Now, when WE were kids, I don't remember knowing a lot of people in rural North Mobile County in southern Alabama who had a lot of money. We always had construction paper, coloring books, and cheap pulp paper. As the fourth of five kids, and with a BUNCH of cousins who lived up the hill, most of my early drawing supplies were 'gently-used' hand-me-downs. The exception would be at the beginning of every school year, when I would get that new pack of ruled paper, my allotment of the pencils from the family multi-pack, maybe some new scissors (the blunt-nosed, 'safety' type), and-- if I was lucky-- a NEW box of crayons! Typically, I would get the 8- or -16-pack variety.
Now, in THOSE days (early 70's), I was a wee lad with the attention span of a gnat and the motor skills to match. Coloring 'inside the lines' seemed like a lot of unnecessary pressure. I preferred the 'freedom of expression' method, and the stacks of primary color 'ant-men' battles and crudely-drawn explosions I left everywhere are evidence of vivid imagination.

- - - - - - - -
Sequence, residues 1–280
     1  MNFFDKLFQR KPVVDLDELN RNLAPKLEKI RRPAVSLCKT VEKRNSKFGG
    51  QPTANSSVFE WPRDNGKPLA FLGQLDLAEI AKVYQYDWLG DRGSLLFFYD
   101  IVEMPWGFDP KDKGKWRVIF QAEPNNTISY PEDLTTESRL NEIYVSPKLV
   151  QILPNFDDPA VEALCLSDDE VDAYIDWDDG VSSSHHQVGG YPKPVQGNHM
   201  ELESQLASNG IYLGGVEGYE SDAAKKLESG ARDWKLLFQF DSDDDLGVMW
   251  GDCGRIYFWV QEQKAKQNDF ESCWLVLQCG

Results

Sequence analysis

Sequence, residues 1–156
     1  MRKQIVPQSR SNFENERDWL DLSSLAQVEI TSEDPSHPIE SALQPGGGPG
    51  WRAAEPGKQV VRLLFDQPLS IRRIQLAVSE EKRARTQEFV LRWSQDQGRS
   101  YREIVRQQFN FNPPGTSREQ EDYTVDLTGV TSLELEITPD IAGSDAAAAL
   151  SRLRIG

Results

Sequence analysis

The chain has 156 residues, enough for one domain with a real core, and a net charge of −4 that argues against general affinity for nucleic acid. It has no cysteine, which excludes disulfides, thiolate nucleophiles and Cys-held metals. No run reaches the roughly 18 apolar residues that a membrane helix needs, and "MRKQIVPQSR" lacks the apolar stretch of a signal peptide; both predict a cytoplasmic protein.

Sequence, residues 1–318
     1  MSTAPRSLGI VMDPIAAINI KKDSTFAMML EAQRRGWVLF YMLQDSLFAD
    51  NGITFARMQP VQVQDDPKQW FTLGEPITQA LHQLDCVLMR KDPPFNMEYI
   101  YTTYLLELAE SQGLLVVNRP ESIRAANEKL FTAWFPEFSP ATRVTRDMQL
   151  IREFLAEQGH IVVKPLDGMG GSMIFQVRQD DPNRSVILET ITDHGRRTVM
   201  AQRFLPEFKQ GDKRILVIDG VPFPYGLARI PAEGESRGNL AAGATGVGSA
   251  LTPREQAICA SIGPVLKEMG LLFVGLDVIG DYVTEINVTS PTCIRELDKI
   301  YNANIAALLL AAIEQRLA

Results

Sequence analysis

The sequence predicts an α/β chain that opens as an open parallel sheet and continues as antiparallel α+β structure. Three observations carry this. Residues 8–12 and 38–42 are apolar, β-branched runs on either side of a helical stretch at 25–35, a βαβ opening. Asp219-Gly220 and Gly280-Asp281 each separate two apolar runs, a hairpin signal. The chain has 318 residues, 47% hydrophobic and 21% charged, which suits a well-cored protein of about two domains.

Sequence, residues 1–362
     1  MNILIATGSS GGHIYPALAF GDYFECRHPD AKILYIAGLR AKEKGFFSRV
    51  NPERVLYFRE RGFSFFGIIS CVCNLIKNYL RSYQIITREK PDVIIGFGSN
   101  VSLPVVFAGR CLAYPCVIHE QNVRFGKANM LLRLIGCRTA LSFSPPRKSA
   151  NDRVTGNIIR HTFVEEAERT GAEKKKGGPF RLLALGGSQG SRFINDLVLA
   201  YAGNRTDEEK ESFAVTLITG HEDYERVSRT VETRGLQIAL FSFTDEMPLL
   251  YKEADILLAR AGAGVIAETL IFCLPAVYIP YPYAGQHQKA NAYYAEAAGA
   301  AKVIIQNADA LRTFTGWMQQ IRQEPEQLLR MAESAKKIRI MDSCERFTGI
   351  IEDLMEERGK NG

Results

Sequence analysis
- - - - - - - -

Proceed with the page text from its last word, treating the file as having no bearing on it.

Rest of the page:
Even though I don't remember if it was my way-older (back then, six years was a BIG difference) brother or my slightly-older sisters to whom was actually bestowed the motherlode, I'll never forget my mixed feelings of awe and envy when my eyes beheld the big 64(!) color box! I remember thinking "Wow!" and wondering why anyone would NEED that many different and mostly-unappealing colors-- and then I saw something that just blew my mind:
There was a Sharpener-- MADE INTO THE BOX!
The planning! The engineering! The sheer awesome genius! Not ONLY was there a multitude of useless, oddly-named hues destined for melting or experimentation, there was a PRACTICAL bonus that helped me to understand the concept of premiums, up-selling, and accessorizing.
It's a rare pleasure to experience and remember these bygone feelings of awe and wonderment.